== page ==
Ankara summit focuses on Syria’s fate once war ends
The leaders of Iran, Turkey and Russia met this week in Ankara to discuss potential political solutions to the Syrian civil war, while solidifying their positions as decision-makers, working to settle their own differences and agreeing to counter external “challengers” in the Syrian peace process: the United States, Israel and Saudi Arabia.
The presidents — Russia’s Vladimir Putin, Turkey’s Recep Tayyip Erdogan and Iran’s Hassan Rouhani — don’t seek to encroach on the legitimacy of the Geneva peace talks. Yet given the developments of recent months in and around Syria, the leaders have come to believe the real shots regarding Syria are being called in the meetings among themselves. And while Geneva is stalled, if not comatose, conditions on the ground are fast-changing. These three stakeholders in the Syria conflict feel they’d be better positioned to drive change themselves rather than waiting until it starts.
They consider their process as complementary to the Geneva talks. Their talks have also become an opportunity for each president to enlist support from the other two for what his country is most concerned with.
Hence, Erdogan spoke of Turkey’s significant role in defeating the Islamic State (IS) in Syria and its efforts against the People’s Protection Units. According to Erdogan, the Kurdish group poses a threat to Syria’s “territorial integrity.”
During a news conference about the April 4 meeting, Rouhani praised the defeat of IS and stressed, “Some superpowers, including the United States, would like to use the terrorist groups of [IS] and Jabhat al-Nusra [also called Jabhat Fatah al-Sham] as an instrument of controlling this region.”
All three leaders, however, tried to make it clear they are consolidated on key matters and will withstand outside efforts to sow discord within the “troika alliance” and foil its work to solve Syria’s problems.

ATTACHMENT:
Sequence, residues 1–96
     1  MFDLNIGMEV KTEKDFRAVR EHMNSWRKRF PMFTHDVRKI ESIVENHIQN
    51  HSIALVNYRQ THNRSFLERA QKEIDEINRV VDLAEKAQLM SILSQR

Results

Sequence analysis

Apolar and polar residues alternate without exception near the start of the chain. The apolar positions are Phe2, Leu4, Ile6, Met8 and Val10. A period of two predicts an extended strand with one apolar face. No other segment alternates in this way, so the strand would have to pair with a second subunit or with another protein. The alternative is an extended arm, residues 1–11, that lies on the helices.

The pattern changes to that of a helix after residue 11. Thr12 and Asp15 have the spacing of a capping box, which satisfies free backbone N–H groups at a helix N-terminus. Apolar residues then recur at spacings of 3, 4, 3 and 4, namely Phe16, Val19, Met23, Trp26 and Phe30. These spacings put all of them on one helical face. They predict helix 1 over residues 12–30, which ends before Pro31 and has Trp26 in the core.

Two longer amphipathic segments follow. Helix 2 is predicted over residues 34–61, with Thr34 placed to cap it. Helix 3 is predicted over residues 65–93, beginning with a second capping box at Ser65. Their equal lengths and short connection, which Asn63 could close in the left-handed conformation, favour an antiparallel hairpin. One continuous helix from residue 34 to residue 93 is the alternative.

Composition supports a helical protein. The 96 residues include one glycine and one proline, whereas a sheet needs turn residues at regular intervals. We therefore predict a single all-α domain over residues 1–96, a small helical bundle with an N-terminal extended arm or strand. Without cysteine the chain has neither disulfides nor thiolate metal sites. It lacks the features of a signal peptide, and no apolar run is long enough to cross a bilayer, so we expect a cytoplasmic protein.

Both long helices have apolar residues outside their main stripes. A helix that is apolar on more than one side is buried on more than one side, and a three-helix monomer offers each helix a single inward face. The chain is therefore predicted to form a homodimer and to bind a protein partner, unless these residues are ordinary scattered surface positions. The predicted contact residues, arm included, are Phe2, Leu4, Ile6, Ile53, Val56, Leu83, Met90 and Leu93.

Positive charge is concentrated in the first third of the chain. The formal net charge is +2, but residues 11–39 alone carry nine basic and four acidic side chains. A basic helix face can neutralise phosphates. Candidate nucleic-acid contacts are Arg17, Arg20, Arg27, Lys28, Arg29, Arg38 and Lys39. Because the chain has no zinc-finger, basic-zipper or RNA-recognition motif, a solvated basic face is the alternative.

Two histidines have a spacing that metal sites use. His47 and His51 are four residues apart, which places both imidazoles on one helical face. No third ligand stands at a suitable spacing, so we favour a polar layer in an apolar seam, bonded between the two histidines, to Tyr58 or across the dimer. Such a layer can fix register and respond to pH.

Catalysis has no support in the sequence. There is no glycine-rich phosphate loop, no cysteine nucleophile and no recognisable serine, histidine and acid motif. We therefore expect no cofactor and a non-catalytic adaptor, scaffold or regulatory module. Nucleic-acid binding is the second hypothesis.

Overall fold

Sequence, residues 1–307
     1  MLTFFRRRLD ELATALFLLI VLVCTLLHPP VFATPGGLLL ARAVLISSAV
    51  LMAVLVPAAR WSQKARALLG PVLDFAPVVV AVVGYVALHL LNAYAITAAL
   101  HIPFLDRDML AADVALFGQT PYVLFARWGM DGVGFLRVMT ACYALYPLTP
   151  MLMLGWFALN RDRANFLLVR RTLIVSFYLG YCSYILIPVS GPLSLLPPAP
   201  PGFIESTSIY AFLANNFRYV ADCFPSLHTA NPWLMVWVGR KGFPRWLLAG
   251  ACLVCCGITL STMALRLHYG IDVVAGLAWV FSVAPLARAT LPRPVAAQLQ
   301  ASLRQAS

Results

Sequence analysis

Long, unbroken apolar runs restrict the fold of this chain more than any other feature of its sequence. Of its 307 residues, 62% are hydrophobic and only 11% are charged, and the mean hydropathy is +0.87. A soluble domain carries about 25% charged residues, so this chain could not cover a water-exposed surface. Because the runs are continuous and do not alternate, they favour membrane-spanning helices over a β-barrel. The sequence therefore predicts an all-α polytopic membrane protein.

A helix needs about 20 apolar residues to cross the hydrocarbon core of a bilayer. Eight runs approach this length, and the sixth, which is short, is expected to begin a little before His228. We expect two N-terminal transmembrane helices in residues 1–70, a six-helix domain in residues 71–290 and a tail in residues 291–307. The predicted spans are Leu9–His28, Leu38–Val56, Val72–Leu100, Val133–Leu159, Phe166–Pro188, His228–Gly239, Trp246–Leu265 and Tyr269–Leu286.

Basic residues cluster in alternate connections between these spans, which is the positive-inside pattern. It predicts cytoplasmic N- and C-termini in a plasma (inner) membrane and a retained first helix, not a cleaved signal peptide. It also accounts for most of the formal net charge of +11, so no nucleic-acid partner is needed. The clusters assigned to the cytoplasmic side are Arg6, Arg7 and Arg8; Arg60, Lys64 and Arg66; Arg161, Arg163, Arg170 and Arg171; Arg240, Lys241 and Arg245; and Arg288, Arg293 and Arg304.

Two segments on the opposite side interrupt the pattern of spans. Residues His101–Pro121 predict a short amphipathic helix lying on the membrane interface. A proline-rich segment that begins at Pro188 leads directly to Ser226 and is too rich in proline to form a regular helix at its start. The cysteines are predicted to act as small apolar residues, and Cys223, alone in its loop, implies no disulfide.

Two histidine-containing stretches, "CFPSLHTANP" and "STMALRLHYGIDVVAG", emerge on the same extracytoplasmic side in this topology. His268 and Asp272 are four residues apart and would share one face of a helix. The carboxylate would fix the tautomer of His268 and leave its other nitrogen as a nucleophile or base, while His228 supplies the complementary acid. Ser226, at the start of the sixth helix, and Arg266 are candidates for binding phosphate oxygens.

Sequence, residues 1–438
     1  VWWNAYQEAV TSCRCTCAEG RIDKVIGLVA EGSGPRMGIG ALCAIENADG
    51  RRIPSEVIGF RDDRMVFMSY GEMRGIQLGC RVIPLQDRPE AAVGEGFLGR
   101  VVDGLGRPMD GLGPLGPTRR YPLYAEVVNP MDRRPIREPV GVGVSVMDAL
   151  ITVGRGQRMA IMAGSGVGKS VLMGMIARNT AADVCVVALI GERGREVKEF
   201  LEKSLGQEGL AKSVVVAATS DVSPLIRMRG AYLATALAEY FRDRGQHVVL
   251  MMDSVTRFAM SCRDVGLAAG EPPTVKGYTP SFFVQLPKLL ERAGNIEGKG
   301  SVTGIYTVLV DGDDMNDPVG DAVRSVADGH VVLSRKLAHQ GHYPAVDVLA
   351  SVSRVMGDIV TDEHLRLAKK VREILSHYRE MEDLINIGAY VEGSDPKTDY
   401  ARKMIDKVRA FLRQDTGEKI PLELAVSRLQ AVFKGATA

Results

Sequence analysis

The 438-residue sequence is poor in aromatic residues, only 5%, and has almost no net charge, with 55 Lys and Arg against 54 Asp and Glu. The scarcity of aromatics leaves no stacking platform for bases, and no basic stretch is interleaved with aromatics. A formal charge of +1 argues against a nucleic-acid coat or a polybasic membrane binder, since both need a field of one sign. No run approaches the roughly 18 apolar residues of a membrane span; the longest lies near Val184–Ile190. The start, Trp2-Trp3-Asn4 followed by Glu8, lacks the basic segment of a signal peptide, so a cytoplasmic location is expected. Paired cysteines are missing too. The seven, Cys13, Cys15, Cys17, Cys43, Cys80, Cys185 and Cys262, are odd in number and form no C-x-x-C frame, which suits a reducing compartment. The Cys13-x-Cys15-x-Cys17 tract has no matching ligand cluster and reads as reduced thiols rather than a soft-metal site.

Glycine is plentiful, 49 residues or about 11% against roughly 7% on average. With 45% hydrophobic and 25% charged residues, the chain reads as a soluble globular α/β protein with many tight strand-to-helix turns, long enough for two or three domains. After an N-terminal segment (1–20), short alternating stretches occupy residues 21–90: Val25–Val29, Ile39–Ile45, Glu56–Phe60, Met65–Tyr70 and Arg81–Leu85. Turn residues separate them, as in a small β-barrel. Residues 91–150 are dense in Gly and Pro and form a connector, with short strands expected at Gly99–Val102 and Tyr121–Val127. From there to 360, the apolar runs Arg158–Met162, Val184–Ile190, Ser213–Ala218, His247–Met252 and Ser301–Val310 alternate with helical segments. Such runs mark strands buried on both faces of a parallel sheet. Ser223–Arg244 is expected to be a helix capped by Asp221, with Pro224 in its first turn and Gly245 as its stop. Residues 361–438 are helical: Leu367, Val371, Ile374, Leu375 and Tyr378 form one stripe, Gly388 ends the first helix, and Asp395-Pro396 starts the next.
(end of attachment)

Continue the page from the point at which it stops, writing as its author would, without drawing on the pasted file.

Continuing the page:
“There are certain circles that have divided this territory among themselves, but this will not do for us. We are not taking it seriously,” Erdogan said. While the Turkish president didn’t mention what “circles” he was alluding to, his Iranian counterpart didn’t mince words.
“The Americans [and] the Israelis were unsuccessfully trying to get in our way. … They wanted to help terrorists so that they could govern the region, and they wanted to make it so that the threat would linger on until the present, as this would be in [their interests]. They create a lot of problems for us. … This is exactly what we have agreed on today. The adversaries of our region planned to ruin Syria, but they are failing,” Rouhani stated at the news conference.
Putin described his concern in more general terms, talking about “the growing number of attempts to deepen ethnic and religious differences in Syrian society in order to break up the country and to preserve the conflict potential of the Middle East for years to come.”
The parties reiterated their commitment to past decisions and outlined an action plan for the next few months. Putin noted they “intend to keep the focus … on the political settlement of the Syrian crisis or, more precisely, promote an inclusive intra-Syrian dialogue … as soon as possible.” In his view, this should include forming a constitutional committee under the aegis of the UN in Geneva, where the Syrians “can independently determine the main parameters of state structure for a new Syria.” Earlier, Damascus rejected the idea of such a committee.
Another practical area of cooperation for the three states will be joint efforts within the working group established March 15 in Astana, Kazakhstan. The group will be dealing with liberating hostages, transferring the dead and searching for the missing. Russia and Turkey will also build a hospital in Syria’s city of Tell Abyad to treat refugees escaping eastern Ghouta.